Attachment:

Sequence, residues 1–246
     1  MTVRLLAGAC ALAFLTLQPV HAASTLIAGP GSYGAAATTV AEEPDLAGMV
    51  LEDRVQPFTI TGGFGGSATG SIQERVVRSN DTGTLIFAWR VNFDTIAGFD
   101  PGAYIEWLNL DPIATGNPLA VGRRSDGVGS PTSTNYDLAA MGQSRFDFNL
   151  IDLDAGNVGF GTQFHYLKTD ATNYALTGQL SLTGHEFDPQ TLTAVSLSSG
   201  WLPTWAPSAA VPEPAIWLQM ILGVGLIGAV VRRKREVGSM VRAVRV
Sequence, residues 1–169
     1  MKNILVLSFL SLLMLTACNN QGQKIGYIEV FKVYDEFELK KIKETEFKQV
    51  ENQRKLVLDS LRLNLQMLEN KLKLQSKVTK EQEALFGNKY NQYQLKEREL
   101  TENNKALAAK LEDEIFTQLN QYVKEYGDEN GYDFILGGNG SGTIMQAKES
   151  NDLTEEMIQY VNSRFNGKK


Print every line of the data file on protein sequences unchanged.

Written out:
Sequence, residues 1–246
     1  MTVRLLAGAC ALAFLTLQPV HAASTLIAGP GSYGAAATTV AEEPDLAGMV
    51  LEDRVQPFTI TGGFGGSATG SIQERVVRSN DTGTLIFAWR VNFDTIAGFD
   101  PGAYIEWLNL DPIATGNPLA VGRRSDGVGS PTSTNYDLAA MGQSRFDFNL
   151  IDLDAGNVGF GTQFHYLKTD ATNYALTGQL SLTGHEFDPQ TLTAVSLSSG
   201  WLPTWAPSAA VPEPAIWLQM ILGVGLIGAV VRRKREVGSM VRAVRV
Sequence, residues 1–169
     1  MKNILVLSFL SLLMLTACNN QGQKIGYIEV FKVYDEFELK KIKETEFKQV
    51  ENQRKLVLDS LRLNLQMLEN KLKLQSKVTK EQEALFGNKY NQYQLKEREL
   101  TENNKALAAK LEDEIFTQLN QYVKEYGDEN GYDFILGGNG SGTIMQAKES
   151  NDLTEEMIQY VNSRFNGKK